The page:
Split, Croatia – It was at the moment of their victory, when they defeated their opponents and gathered to collect their medals, when some of the boys were exhausted with grief, when tears welled up in their eyes. Big.
A mix of youngsters, 13- and 14-year-olds who represent one of the youth squads of Ukraine’s top football team Shakhtar Donetsk, had just won a tournament in the Croatian city of Split Provided. Each boy was presented with a medal, and the team received a trophy for victory.
The lucky ones got a chance to celebrate and take pictures with their mothers. For most others, though, no one was there – just another clear reminder of how lonely life has become, how far they live away from the people they love and the places they know. It is in these moments, the adults around the players have realized, when the emotions are at their most raw, when the tears sometimes come.
“As a mother, I feel this way,” said Natalia Plamanskaya, who could have gone to Croatia with her twin sons, but said she felt for families who could not. “I want to hug them, play with them, make them feel better.”
It all happened so fast. In the early days of Russia’s invasion of Ukraine earlier this year, Shakhtar Donetsk, one of the Eastern European powerhouse clubs, moved swiftly to rescue its teams and crew members. The foreign players gathered their families and found their way home. Parts of the first team merged into Turkey and then Slovenia, from where they played friendly matches to raise awareness and raise money and kept Ukraine’s hopes of qualifying for the World Cup alive.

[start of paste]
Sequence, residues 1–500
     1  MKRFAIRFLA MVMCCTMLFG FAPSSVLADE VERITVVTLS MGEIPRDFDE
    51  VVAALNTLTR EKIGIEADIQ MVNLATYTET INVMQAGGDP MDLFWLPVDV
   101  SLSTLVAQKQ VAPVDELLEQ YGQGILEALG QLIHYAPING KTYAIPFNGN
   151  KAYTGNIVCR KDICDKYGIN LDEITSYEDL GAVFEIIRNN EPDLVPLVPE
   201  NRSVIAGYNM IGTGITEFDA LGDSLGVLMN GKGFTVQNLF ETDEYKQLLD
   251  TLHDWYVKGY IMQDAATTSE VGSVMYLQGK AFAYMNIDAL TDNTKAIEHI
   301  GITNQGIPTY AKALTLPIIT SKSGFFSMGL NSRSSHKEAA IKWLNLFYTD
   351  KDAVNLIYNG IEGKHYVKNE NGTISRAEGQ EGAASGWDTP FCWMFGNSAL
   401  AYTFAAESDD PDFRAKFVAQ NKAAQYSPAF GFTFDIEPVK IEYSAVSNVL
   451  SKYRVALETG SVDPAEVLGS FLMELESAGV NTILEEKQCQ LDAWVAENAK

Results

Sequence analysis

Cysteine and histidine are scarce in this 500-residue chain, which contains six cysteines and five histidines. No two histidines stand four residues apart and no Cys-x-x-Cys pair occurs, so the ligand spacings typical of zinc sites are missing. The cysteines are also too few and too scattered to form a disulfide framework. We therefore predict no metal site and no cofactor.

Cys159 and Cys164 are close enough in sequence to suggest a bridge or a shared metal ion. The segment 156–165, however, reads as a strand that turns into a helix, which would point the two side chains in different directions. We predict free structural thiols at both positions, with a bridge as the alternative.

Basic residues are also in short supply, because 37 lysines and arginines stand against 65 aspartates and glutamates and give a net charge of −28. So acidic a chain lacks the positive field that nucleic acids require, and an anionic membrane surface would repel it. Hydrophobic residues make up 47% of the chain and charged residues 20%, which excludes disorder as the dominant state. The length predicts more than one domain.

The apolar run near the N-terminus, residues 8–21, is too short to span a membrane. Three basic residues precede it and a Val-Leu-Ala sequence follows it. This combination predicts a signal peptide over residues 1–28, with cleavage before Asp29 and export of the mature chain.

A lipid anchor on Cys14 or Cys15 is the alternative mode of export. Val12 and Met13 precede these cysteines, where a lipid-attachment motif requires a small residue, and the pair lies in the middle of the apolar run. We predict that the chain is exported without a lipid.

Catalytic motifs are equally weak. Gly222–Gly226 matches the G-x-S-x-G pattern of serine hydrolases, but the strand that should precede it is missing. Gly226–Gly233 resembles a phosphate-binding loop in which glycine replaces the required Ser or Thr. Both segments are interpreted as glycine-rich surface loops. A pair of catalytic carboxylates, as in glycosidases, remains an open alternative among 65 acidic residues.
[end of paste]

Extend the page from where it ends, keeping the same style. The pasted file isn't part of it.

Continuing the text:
But several players and staff members of Shakhtar’s youth academy also needed shelter. Phone calls made. Buses were arranged. But decisions had to be made quickly, and only a dozen mothers could travel with the boys. (Wartime rules required that their fathers – all men of combat age, in fact, between the ages of 18 and 60 – must remain in Ukraine.) Other families made different choices: husbands and relatives. Living with relatives, sending your boys alone. All options were incomplete. No decision was easy.
Three months later, the weight of separation, loneliness – everything – has taken its toll.
“It’s a nightmare, it’s a nightmare,” said Edgar Cardoso, who leads Shakhtar’s youth team. Reiterating his words, he points out how fragile the atmosphere inside the walls of the beach hotel has become, which has become the temporary home of the Shakhtar group. “You see, emotions are on the rise now.”
No one knows when it will all end: no war, no separation, no uncertainty. No one can say, for example, whether they will stay together. Teams from more than a dozen top clubs across Europe, such as Barcelona and Bayern Munich, have already selected the most talented of Shakhtar’s trapped sons, the best 14- to 17-year-olds in the comparative safety of Germany and Spain. Are offering to train. .
Russia better understand the Ukraine war.
The departure of these players has left Cardoso with mixed feelings. On the one hand, their absence undermines the quality of the training session. But it is also a matter of pride that others are so interested in the boys that Shakhtar has prepared.
It is unknown at this time what he will do after leaving the post. But FIFA on Tuesday extended the waiver until the summer of 2023.
For Cardoso, a Portuguese coach who left Shakhtar eight years ago to develop youth football in Qatar, the implications of the war mean he has now been added to a new role: the father’s personality and dozens. A focal point for young people. The boys deviated from their families and everything they knew.